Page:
Roman aqueducts were built throughout the empire, and their arches may still be seen in Greece, Italy, France, Spain, North Africa, and Asia Minor. As central authority fell apart in the 4th and 5th centuries, the systems also deteriorated. For most of the Middle Ages aqueducts were not used in western Europe, and people returned to getting their water from wells and local rivers. Modest systems sprang up around monasteries, and, by the 14th century, Bruges, with a large population for the time (40,000), had developed a system utilizing one large collecting cistern from which water was pumped, using a wheel with buckets on a chain, through underground conduits to public sites.

      Major advances in public-water systems since the Renaissance have involved the refinement of pumps and of pipe materials. By the late 16th century London had a system that used five waterwheel pumps fastened under the London Bridge to supply the city, and Paris had a similar device at Pont Neuf that was capable of delivering 120 gallons (454 litres) per minute. Both cities were compelled to bring water from greater distances in the next century. A private company built an aqueduct to London from the river Chadwell, some 38 mi distant, that utilized more than 200 small bridges built of timber. A French counterpart combined pumps and aqueducts to bring water from Marly over a ridge and into an aqueduct some 525 ft above the Seine.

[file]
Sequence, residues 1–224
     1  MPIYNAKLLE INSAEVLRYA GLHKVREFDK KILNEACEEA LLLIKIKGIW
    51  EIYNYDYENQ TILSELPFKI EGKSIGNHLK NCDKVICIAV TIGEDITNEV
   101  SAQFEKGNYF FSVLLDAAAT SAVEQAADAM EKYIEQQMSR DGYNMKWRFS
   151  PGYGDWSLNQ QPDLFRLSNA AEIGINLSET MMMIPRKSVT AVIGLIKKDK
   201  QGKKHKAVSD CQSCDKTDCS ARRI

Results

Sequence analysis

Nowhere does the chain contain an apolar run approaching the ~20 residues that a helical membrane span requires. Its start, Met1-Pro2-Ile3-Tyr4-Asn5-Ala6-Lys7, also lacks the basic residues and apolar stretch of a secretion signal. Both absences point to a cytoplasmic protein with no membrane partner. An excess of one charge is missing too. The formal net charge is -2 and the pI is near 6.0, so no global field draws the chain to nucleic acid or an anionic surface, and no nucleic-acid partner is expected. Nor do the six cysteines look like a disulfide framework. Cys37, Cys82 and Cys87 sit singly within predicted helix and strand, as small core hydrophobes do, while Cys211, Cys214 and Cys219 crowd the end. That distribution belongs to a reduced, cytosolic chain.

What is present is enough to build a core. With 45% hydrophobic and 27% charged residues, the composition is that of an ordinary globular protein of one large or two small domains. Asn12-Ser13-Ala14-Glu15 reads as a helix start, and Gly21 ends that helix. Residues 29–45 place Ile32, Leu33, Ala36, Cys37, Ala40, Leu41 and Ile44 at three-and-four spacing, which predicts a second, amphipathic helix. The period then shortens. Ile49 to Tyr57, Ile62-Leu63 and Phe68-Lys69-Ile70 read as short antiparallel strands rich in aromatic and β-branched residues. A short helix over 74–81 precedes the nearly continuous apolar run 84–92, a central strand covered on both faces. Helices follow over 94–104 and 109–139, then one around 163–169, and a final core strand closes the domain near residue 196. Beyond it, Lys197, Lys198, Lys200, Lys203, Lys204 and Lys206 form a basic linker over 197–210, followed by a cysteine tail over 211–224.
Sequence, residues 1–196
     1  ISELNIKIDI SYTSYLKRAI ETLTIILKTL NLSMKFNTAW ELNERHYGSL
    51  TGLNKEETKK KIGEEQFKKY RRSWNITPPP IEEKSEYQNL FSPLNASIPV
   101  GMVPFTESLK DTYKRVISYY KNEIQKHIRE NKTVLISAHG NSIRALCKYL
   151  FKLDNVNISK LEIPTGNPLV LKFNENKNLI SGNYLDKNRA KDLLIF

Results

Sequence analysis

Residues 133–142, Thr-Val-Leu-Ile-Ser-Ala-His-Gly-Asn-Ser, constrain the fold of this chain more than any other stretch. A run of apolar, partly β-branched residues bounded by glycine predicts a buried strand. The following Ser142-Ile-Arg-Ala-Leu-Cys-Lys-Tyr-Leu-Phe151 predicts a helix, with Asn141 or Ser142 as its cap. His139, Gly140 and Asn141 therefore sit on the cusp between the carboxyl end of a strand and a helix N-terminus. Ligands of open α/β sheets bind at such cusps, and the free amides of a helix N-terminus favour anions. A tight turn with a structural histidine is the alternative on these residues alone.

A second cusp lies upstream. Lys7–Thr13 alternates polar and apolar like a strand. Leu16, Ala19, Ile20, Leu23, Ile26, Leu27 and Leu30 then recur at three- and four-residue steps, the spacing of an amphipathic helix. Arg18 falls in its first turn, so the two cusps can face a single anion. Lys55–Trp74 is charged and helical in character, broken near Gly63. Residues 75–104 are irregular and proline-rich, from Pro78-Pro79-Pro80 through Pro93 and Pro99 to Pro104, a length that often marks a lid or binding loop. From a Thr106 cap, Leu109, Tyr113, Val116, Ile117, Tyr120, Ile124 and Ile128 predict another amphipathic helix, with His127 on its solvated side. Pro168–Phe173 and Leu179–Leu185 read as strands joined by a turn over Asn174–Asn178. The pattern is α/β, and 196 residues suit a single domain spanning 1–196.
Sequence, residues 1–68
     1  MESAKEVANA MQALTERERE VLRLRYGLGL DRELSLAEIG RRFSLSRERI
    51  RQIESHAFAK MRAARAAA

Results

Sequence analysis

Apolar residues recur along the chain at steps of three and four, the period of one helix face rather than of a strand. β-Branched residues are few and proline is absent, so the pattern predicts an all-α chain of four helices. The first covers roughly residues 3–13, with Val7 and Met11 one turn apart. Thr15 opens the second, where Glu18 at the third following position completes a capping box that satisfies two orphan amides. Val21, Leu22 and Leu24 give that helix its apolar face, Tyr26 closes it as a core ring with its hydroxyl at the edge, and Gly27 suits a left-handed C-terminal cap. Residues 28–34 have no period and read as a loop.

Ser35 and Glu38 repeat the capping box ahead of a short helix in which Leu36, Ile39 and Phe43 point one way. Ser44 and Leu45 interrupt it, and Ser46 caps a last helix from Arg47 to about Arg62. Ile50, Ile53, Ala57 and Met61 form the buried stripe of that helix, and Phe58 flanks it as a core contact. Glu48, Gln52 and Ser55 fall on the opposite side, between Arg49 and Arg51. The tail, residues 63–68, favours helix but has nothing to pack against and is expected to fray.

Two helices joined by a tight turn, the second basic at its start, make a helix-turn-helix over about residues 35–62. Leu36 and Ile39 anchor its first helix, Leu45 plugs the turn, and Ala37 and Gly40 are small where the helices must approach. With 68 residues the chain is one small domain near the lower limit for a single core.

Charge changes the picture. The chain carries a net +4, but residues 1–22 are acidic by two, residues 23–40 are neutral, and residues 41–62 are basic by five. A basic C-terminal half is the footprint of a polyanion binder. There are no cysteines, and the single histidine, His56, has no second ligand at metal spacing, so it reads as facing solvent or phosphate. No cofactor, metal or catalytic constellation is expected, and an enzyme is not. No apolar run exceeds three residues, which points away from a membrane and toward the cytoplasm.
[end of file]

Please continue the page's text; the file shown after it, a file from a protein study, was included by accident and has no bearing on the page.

One of the major innovations during the 18th and 19th centuries was the introduction of steam pumps (pump) and the improvement of pressurized systems. One benefit of pumping water under pressure was that a system could be built that followed the contours of the land; the earlier free-flowing systems had had to maintain certain gradients over varied terrain. Pressurization also created the need for better pipe material. Wood pipes banded with metal and protected with asphalt coating were patented in the United States in 1855 and could withstand pressures up to 172 pounds per square inch (12 kilograms per square centimetre). Before long, however, wood was replaced first by cast iron and then by steel. For large siphons (conduits that draw water from elevated sources under the pressure of siphoning), reinforced concrete became the preferred construction material early in the 20th century.

      Modern aqueducts, although lacking the arched grandeur of those built by the Romans, greatly surpass the earlier ones in length and in the amount of water that they can carry. Aqueduct systems hundreds of miles long have been built to supply growing urban areas and crop-irrigation projects. The water supply of New York City comes from three main aqueduct systems that can deliver from 1,800,000,000 gal of water a day from sources up to 120 mi away. The aqueduct system in the state of California, however, is by far the largest in the world. One major project, which has been under construction since 1960, will eventually bring water from the northern part of the state some 600 mi south to the Mexican border and is designed to yield 4,230,000 acre-feet (one acre-foot equals 325,851 gallons) per year.

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Universalium. 2010.